User review spotlight: Ultima IV: Quest of the Avatar (DOS)

Andy Halma

Also Known As

  • Andy M. Halma

Game Credits

Design

Sea Hunt (1987)   (Designer)
 

Programming/Engineering

Sea Hunt (1987)   (Programmer)
 

Art/Graphics

Sea Hunt (1987)   (Artwork)
 

Audio

Sea Hunt (1987)   (Music)
 

Quality Assurance

Sea Hunt (1987)   (Testing)
 


Developer Biography

Andy Halma graduated from the Computer Programmer/Analyst program at Conestoga College, Kitchener in 1984. While attending the college, he frequently neglected his business-related studies in favour of experimenting with graphics and games on the then-new IBM Personal Computer.

One project whose genesis originated at the college was a computerized version of "Battleship", entitled "Sea Hunt". This was released as a shareware title some years later and was to become the only computer game that Andy ever formally released to the public, although he did experiment with a number of smaller, simpler game concepts.

Soon after graduating from Conestoga, Andy was hired as a computer programmer by Mindflight Technology, a fledgling educational software company based in Dunnville, Ontario. Andy created several educational programs for Apple II computers while at Mindflight and he also designed and programmed an educational game called "Rhymo" for the IBM PCjr. although this was, unfortunately, never released. During his spare time, Andy continued work on his personal project, Sea Hunt, while at Mindflight.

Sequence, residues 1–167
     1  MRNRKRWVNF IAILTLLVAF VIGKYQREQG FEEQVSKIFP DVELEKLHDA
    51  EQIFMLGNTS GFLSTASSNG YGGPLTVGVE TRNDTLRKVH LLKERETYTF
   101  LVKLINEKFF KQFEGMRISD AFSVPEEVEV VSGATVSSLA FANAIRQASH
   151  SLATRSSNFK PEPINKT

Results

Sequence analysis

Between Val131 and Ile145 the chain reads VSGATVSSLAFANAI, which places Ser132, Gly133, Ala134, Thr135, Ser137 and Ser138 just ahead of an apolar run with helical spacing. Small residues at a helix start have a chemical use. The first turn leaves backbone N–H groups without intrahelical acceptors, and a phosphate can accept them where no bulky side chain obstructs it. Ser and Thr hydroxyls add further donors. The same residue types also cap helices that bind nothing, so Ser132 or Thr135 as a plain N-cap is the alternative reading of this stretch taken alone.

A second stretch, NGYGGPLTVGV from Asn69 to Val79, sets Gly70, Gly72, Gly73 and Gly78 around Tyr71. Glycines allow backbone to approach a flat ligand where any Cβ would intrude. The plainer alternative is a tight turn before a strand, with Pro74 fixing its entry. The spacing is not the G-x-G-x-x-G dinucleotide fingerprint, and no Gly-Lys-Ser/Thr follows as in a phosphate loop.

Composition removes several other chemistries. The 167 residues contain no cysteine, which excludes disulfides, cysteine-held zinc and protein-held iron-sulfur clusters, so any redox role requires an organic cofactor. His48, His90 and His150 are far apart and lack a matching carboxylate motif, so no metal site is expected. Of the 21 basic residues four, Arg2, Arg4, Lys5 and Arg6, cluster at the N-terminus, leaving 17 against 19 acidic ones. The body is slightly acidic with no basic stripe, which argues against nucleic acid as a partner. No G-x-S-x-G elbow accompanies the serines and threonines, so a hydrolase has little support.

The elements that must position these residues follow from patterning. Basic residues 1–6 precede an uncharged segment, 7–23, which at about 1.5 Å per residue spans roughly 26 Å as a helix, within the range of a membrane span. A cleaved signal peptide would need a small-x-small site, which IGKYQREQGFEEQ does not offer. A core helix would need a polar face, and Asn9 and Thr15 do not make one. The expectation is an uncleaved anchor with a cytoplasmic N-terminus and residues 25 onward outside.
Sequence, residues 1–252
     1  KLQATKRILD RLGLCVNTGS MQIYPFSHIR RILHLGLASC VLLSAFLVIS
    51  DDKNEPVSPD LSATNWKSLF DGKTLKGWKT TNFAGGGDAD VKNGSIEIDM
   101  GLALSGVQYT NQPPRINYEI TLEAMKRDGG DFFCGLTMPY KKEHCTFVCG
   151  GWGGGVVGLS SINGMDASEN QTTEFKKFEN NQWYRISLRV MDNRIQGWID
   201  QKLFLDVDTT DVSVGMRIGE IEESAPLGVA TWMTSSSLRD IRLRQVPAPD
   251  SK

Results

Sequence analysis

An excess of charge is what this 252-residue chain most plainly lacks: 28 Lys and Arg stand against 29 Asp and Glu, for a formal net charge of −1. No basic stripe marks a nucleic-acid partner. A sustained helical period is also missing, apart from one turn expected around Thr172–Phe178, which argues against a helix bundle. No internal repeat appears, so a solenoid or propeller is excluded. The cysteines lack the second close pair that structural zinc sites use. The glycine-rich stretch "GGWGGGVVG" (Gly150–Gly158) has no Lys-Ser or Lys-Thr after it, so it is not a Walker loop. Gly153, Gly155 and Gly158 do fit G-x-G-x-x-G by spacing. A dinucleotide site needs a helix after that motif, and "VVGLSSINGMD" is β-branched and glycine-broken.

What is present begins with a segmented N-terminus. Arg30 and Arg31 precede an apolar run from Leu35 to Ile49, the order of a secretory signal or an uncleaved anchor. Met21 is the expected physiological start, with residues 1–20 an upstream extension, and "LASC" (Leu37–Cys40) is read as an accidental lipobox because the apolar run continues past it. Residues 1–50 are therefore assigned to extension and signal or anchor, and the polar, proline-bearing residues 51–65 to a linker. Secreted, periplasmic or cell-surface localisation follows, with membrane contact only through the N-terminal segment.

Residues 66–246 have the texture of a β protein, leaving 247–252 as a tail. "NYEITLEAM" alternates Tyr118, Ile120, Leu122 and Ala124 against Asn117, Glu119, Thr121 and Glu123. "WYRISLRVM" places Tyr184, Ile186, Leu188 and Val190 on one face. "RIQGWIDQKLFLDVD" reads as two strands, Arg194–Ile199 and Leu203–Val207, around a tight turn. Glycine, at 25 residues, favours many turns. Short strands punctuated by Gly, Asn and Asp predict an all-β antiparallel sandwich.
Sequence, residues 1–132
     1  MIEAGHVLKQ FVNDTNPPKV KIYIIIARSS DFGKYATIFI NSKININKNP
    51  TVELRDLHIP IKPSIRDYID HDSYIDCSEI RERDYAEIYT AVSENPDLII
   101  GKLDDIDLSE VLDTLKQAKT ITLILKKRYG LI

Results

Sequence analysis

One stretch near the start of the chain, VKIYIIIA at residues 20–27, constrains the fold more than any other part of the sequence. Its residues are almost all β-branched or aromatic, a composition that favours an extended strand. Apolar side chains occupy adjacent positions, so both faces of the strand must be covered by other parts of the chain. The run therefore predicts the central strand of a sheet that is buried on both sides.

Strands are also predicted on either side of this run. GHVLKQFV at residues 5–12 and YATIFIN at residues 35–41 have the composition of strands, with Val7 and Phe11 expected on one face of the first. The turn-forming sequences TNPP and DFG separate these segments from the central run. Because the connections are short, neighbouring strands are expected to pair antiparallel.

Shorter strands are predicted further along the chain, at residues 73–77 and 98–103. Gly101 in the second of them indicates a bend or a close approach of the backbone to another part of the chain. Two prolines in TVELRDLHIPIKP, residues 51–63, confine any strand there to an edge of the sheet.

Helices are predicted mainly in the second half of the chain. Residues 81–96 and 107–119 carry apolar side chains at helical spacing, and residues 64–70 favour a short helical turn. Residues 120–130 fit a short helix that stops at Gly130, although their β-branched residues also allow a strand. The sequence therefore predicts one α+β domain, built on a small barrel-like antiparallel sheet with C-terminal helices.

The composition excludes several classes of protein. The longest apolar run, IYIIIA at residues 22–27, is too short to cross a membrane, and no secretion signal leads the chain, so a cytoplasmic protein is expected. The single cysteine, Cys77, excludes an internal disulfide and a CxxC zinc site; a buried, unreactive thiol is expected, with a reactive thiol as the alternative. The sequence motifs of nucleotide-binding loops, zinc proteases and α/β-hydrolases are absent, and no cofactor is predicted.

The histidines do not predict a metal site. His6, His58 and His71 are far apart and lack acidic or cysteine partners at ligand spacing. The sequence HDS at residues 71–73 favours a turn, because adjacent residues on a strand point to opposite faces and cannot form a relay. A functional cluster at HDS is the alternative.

Unfortunately, Mindflight Technology ultimately failed and Andy moved on to more conventional work when he was hired as an RPG programmer by the W.C. Wood Company in Guelph, Ontario. Here, Andy mostly abandoned his more creative tendencies in favour of writing standard business programs for the appliance manufacturer. However, he did continue his work on Sea Hunt in his spare time and it was while still employed by W.C. Wood's that Andy finally released Sea Hunt via CompuServe in 1986.

Sea Hunt was relatively well received at the time of its release and Andy received letters from all over North America and even overseas, some of which actually contained money. By this time, however, Andy had married and started a family, and therefore decided to stick with the more secure (and boring) career path of business programming.

Andy left W.C. Wood Company in late 1989, after which he worked for a number of different companies, always in the field of information technology. In 1999, he returned to W.C. Wood's and he remains there to this day.

Aside from his career as a business programmer/analyst, Andy remains an avid gamer and a wannabe pilot who spends a fair amount of time flying simulators on his home PC. He lives in Kitchener with his wife, Judy and his daughter, Jessica and has been a MobyGames member since 2003.

Last updated: Jul 17, 2008